The study was then cited in an essay for the conservative National Review by Hans von Spakovsky, another member of the presidential commission and a longtime advocate of voter purge lists – including a notorious one he helped craft in Florida that was found by one county to be 95% inaccurate.
In some instances, Kobach is pressing issues on which he has already fought and lost. Long before Donald Trump became president, he lobbied hard to use the Save database on immigrant benefits to police voter fraud. But his fellow secretaries discovered the organization’s records were not systematically updated and did not include any reliable mechanism to separate out individuals with the same name or to determine whether someone had obtained US citizenship.
“Within 10 minutes everyone on the call agreed it would not be a good idea,” said Denise Merrill, Connecticut’s elections chief and a past president of the National Association of Secretaries of State.
Kobach’s ambition to rewrite the NVRA was first revealed in closeups of a photograph of him carrying a briefing paper into a meeting with then president-elect Trump last December. The NVRA – often known as the Motor-Voter act because it enabled Americans to register to vote when renewing their driver’s licenses – sets strict rules for striking names off voter rolls.
That, however, has not stopped Indiana, the vice-president’s home state, from passing a law authorizing the removal of anyone flagged as a double-voter by the Crosscheck system without following the procedures laid out in the NVRA. That law is now being challenged in court.
Nor has it stopped Ohio from continuing to argue, despite a court injunction, that it should be allowed to initiate the removal process based on an individual’s failure to vote in two or more elections. The Obama-era justice department had previously opined that this violated the 1993 law. Now, under Trump, the DoJ has filed a new brief siding with Ohio – a maneuver that has shocked many election lawyers because they do not see any wiggle room in either the language or the law or the intent of the legislators who wrote it. The case is now headed to the supreme court.
It is far from clear how far Kobach will get with his agenda, especially given the scathing reception he has received so far. Earlier this month, an allegation that fraudulent out-of-state voters had swung both the presidential race and a close Senate race in New Hampshire last year prompted the Granite State’s entire congressional delegation to rise up in condemnation.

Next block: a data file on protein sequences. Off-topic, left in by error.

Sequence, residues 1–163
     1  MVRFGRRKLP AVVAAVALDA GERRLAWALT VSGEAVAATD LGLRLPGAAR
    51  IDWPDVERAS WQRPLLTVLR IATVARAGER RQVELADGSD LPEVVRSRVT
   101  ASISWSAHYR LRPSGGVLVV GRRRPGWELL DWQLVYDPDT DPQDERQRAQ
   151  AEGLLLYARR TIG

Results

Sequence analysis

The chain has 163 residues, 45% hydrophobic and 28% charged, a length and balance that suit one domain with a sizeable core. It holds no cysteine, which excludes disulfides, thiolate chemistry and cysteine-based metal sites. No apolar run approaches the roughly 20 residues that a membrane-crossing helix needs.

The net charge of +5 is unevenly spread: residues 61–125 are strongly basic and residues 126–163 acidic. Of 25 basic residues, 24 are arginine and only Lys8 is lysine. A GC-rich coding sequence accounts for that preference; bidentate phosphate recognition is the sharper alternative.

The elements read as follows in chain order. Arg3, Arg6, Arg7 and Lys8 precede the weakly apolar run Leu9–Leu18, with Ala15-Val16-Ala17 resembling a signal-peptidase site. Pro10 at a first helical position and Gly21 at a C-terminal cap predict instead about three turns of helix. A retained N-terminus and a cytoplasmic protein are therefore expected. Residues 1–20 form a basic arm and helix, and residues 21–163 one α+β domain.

Still, it may have an impact on public opinion. Polls have consistently shown a majority of Americans believing what they hear from Republican politicians about voter fraud. That, in turn, has been used by Republican politicians as justification enough to push for new restrictive voting laws. In a prescient ruling issued more than a decade ago, the Missouri supreme court warned that “the tactic of shaping public misperception could be used in the future as a mechanism for further burdening the right to vote or other fundamental rights”.
Many observers point out that past presidential commissions on voting have been scrupulously bipartisan and recruited universally recognized experts in their fields. This one, by contrast, appears to be driven largely by one man on a mission to make what Rosenberg, the voting rights specialist, called “fallacious recommendations”.
Last week, an email obtained through a public records request showed that Spakovsky had originally opposed including “mainstream Republicans” or any Democrats at all, for fear that they would guarantee the commission’s “failure”.
That, in turn, suggests an issue of institutional abuse going against the 1972 Federal Advisory Committee Act, over and above the concerns about voting integrity.
“There is no need for this commission to be looking into voter fraud,” said Rosenberg, whose group is suing the presidential commission over its work and its lack of transparency. “It should be trying to come up with ways to make it easier for people to vote, not harder for people to vote.”